Without a Net: The Female Experience of Growing Up Working Class (Live Girls)

by Michelle Tea

Paperback, 2004




Seal Press (2004), Paperback, 256 pages


An urgent testament to the trials of life for women living without a financial safety net Indie icon Michelle Tea--whose memoir The Chelsea Whistle details her own working-class roots in gritty Chelsea, Massachusetts--shares these fierce, honest, tender essays written by women who can't go home to the suburbs when ends don't meet. When jobs are scarce and the money has dwindled, these writers have nowhere to go but below the poverty line. The writers offer their different stories not for sympathy or sadness, but an unvarnished portrait of how it was, is, and will be for generations of women growing up working class in America. These wide-ranging essays cover everything from selling blood for grocery money to the culture shock of "jumping" class. Contributors include Dorothy Allison, Bee Lavender, Eileen Myles, and Daisy Hernández.… (more)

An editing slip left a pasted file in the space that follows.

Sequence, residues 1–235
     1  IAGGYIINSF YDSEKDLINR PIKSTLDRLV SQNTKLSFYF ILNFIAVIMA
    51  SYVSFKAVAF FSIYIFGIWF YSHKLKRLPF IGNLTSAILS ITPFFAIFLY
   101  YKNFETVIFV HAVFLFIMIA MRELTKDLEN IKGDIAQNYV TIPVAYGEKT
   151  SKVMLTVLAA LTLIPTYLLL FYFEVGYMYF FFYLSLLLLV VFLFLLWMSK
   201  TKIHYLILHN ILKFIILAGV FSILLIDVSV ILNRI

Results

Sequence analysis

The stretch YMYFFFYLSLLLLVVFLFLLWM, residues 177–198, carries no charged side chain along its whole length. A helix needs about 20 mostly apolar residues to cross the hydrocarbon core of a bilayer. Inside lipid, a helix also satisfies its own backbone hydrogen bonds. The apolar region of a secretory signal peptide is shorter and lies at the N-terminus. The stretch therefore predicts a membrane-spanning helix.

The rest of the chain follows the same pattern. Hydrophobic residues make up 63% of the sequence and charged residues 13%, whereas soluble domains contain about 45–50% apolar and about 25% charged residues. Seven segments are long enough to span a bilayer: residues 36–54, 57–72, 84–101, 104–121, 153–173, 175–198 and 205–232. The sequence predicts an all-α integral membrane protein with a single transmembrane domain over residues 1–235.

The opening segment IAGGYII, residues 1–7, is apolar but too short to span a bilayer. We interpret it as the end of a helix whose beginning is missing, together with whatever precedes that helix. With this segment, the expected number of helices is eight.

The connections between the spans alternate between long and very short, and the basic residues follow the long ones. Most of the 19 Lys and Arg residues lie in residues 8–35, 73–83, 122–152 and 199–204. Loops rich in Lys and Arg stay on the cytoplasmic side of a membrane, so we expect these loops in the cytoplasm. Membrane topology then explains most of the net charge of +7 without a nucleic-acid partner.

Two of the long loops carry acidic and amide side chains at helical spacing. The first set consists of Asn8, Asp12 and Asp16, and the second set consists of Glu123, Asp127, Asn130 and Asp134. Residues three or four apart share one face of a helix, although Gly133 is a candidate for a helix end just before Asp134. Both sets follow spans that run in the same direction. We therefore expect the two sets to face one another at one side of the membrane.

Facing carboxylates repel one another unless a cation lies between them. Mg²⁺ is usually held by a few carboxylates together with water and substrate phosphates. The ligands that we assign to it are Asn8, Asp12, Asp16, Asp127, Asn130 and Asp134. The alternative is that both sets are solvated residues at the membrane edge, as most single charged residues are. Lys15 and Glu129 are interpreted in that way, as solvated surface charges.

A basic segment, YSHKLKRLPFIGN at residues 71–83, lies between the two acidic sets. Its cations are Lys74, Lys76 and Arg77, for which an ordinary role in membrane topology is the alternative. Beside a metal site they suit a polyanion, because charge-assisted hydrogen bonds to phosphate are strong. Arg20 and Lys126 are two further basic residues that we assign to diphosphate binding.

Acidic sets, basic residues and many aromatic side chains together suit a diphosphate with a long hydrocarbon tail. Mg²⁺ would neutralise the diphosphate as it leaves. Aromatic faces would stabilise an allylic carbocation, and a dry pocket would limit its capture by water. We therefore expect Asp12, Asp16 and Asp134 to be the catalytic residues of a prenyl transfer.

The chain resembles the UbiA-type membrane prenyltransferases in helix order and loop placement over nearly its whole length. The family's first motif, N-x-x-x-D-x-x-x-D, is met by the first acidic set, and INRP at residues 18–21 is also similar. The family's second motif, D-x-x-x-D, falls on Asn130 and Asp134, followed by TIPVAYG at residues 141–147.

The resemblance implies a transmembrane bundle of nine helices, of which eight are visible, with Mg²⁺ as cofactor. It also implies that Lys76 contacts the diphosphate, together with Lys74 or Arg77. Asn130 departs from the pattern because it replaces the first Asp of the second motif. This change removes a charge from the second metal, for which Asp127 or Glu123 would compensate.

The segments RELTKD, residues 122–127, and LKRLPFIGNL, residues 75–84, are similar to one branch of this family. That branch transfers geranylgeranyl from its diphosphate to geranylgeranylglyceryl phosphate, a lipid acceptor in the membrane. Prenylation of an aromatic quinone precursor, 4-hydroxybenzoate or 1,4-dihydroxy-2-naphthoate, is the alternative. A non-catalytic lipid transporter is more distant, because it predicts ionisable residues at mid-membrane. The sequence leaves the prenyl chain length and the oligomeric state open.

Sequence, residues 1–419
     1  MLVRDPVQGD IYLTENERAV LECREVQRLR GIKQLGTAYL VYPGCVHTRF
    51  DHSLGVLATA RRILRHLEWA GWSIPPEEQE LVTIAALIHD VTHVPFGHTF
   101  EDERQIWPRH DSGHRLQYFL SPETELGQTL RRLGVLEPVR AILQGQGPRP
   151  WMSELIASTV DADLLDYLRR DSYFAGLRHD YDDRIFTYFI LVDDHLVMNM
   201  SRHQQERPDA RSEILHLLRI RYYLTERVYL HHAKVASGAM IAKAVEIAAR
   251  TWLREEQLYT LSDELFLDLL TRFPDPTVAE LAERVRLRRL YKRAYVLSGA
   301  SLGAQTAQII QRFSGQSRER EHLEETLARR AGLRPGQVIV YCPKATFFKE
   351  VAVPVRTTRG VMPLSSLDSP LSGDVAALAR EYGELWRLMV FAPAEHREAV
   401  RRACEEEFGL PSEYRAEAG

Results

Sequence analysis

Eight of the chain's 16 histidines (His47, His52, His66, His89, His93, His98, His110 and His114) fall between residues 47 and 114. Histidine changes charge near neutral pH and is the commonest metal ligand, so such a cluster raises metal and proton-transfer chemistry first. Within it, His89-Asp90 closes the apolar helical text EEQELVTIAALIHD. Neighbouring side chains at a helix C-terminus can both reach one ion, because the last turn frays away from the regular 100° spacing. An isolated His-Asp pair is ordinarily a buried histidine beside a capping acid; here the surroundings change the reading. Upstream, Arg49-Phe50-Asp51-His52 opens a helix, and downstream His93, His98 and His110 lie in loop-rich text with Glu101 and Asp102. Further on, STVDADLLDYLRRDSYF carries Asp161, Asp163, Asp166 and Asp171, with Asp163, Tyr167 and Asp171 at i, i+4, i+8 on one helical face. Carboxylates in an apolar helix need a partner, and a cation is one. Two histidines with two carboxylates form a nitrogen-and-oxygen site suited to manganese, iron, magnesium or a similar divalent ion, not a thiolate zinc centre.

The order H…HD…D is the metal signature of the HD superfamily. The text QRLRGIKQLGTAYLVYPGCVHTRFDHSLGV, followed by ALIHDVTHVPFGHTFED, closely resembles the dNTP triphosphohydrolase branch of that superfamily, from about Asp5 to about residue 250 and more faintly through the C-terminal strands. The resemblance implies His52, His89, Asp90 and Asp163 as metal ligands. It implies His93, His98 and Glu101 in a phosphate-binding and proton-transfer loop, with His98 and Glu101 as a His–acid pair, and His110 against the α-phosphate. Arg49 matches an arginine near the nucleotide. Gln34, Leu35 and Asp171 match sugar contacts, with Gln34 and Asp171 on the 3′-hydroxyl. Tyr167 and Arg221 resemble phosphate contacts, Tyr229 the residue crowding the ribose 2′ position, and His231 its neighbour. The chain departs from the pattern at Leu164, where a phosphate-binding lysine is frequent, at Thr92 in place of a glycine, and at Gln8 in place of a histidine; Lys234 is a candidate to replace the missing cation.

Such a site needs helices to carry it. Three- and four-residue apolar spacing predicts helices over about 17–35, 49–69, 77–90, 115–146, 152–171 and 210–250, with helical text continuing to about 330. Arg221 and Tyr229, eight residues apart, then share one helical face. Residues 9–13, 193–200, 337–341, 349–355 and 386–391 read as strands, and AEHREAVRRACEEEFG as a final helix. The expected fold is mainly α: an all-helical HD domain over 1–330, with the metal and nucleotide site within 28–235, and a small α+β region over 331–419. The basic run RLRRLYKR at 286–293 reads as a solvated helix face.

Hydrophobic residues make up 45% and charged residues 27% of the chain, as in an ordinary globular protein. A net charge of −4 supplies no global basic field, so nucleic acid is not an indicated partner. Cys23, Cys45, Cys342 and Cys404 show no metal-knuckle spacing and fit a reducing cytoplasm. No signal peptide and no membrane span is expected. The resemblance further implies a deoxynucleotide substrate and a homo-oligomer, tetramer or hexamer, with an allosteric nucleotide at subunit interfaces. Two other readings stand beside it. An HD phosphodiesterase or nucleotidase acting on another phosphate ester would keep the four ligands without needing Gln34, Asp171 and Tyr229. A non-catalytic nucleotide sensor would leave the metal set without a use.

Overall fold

User reviews

LibraryThing member sara_k
This is a collection of writings by women who grew up on the margins of society. There is much to think about and realize. I grew up without money or health insurance but there was some stolidity to our family life that kept us from despair (at least as children).


Physical description

256 p.; 8.26 inches


1580051030 / 9781580051033

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